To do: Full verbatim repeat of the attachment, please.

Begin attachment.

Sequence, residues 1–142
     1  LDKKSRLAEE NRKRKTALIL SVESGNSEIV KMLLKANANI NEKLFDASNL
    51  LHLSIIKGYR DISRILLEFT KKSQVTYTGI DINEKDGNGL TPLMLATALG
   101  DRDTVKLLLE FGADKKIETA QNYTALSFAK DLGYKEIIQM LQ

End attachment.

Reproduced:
Sequence, residues 1–142
     1  LDKKSRLAEE NRKRKTALIL SVESGNSEIV KMLLKANANI NEKLFDASNL
    51  LHLSIIKGYR DISRILLEFT KKSQVTYTGI DINEKDGNGL TPLMLATALG
   101  DRDTVKLLLE FGADKKIETA QNYTALSFAK DLGYKEIIQM LQ